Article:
The IRS Tackles Excessive Executive Compensation

Article excerpt

"... Where there is smoke, there is fire, and many companies are not in complete compliance while others are underreporting. "

OVER THE PAST few years, there has not been a headline, outside of the war in Iraq, that has received as much attention and press space as "executive corruption and abuse" and its supposed evil twin sister, "excessive executive compensation." As a result, corporate governance and compensation reforms have abounded. Included in the mix are the Sarbanes-Oxley Act, expensing of stock options, new stock exchange guidelines, and the Internal Revenue Service's initiative to determine the extent of noncompliance with respect to specific executive compensation issues. Indeed, the IRS has assigned a higher priority to the examination of issues surrounding executive pay as it relates to corporate tax laws.

Bottom line, the IRS has been able to prove that, in many cases, where there is smoke, there is fire, and many companies are not in complete compliance while others are underreporting.

Actually, executive compensation has become more formulaic and easier to understand in recent years. With tools such as proxy reports disclosing the amount of compensation received by the top five officers of a company, online services and published reports, the curtain has been pulled back a bit. Moreover, companies must be in compliance with the IRS, Securities and Exchange Commission, and other legal entities--thus pushing them more towards the middle.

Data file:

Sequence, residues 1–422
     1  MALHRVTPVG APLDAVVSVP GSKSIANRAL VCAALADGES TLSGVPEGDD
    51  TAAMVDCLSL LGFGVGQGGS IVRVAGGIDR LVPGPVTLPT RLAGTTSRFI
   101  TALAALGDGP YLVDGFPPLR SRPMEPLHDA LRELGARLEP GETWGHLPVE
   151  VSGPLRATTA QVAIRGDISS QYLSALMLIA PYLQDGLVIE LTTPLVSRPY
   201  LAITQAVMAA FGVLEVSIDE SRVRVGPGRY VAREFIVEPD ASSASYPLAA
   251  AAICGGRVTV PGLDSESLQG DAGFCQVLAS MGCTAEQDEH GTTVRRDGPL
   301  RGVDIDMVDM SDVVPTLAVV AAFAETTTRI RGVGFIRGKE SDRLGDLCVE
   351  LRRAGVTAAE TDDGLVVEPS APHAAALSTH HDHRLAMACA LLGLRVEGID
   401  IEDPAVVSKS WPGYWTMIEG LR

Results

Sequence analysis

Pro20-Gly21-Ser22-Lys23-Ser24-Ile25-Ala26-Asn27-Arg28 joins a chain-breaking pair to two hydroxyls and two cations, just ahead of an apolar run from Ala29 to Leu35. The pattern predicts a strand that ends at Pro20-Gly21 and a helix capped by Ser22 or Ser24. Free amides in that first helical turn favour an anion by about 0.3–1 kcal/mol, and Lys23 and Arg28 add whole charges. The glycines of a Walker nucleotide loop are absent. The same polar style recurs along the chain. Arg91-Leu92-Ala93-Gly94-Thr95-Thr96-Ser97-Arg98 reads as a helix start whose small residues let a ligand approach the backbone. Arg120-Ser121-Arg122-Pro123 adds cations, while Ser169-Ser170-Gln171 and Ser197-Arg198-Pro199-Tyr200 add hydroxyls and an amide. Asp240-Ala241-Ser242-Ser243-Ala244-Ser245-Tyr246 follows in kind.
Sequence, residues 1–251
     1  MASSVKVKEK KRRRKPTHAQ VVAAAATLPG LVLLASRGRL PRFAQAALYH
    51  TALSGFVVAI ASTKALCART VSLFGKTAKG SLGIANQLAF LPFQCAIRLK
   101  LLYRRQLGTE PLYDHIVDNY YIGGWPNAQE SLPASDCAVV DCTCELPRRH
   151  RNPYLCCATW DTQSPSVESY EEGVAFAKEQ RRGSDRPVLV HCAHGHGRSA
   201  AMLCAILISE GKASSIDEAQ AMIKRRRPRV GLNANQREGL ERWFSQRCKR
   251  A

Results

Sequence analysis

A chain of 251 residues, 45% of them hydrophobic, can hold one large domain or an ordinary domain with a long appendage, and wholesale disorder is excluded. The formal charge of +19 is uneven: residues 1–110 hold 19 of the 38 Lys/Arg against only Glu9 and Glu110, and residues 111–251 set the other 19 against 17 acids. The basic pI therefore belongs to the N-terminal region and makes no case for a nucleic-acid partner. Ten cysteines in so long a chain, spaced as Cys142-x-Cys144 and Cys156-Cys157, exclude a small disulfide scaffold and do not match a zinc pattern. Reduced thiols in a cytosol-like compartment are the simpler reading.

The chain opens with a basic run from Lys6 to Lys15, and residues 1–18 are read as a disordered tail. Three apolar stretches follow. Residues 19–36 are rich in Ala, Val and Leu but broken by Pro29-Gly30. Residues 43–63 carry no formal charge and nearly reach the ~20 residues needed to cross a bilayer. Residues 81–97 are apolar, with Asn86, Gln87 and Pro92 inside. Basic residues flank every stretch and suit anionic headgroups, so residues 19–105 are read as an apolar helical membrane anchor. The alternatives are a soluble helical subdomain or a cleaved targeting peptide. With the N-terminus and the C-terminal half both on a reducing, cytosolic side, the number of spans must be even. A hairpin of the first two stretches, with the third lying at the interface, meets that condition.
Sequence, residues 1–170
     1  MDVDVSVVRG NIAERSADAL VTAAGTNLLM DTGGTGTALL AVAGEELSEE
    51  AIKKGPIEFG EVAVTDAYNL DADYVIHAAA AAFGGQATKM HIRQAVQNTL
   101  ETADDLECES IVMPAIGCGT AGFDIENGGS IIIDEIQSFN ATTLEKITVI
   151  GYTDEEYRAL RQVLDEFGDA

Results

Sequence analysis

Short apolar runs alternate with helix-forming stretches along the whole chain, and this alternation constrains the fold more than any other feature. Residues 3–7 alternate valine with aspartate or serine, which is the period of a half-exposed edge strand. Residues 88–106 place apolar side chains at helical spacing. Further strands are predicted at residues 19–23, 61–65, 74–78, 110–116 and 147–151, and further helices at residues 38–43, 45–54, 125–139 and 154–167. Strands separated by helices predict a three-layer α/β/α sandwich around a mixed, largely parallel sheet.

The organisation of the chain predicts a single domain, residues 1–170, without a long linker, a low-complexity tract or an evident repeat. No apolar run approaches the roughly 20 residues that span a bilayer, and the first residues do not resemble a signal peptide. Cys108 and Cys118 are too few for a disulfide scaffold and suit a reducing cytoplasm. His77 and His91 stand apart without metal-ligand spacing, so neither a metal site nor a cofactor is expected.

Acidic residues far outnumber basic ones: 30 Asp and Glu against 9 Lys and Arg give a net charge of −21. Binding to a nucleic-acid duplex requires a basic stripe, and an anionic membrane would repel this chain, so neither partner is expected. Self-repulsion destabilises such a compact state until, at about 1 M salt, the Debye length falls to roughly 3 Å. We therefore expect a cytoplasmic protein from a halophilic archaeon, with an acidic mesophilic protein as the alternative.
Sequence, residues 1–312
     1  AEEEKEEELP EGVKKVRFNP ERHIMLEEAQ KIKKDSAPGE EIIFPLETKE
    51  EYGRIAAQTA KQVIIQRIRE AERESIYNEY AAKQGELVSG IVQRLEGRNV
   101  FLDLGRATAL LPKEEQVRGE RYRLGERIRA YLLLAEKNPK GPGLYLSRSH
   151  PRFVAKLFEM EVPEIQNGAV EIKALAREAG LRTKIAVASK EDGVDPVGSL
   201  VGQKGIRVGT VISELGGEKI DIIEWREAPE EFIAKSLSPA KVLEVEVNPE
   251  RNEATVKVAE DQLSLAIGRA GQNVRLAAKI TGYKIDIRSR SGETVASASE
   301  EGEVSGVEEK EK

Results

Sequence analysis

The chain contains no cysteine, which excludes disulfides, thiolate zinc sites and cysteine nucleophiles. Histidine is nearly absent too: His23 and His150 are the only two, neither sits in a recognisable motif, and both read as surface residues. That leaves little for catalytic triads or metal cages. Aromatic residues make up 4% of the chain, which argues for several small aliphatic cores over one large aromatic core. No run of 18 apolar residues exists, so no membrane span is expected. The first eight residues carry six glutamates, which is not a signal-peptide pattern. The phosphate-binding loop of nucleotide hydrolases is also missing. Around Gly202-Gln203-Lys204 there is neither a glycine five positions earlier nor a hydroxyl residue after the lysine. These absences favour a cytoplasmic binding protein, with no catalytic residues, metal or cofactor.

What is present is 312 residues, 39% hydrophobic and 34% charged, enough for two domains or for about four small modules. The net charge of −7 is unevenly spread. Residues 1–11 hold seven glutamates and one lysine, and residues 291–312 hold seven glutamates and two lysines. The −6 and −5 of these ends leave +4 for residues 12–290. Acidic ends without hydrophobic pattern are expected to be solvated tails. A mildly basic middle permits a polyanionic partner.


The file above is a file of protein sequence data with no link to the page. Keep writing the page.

However, there remains the increasingly diversified needs of executives, as a result of age, family, health care, motivation, company outlook, new legislation, etc. Companies, out of necessity more and more are designing innovative ways to maximize their return on their most expensive and important asset--their people.

One solution may be an individually tailored compensation package. This approach allows executives to weigh the compensation alternatives of at-risk compensation vs. guaranteed compensation, benefits, and retirement as they relate to their individual situations.

Since the amount of reasonable total direct compensation efficiently is determined in today's environment, the challenge is how to balance equally the varying forms of compensation. For instance, how many dollars of base salary is equal to one dollar in annual incentive target opportunity? This question may never be answered by a true scientific or mathematical formula because different individuals have different prerequisites and perceptions.

In light of this, a better approach is to develop a formula based on risk vs. reward vs. time, in trading off guaranteed compensation for at-risk compensation for deferred compensation, the basics still apply--more risk equals more reward. This shift will be reminiscent of past changes that have occurred in the area of pensions (defined benefit plans to defined contribution plans) and health insurance (sole indemnity plans to flexible managed care alternatives). The option of employee choice adds significantly to the perceived value and utility of the awards involved, which, in turn, bolsters the morale and productivity of the company.

Further, in light of the IRS's intense examination program, employees proactively can audit their key executive pay programs to ensure compliance. They also can measure the potential exposure the company has around the eight key issues (see sidebar: "Under the Microscope") that the IRS is targeting. Based on the findings, actions can be taken to correct any indiscretions, allowing everyone involved to rest easier.

It is not advisable, however, for companies to allow executives to tailor 100% of their pay packages. …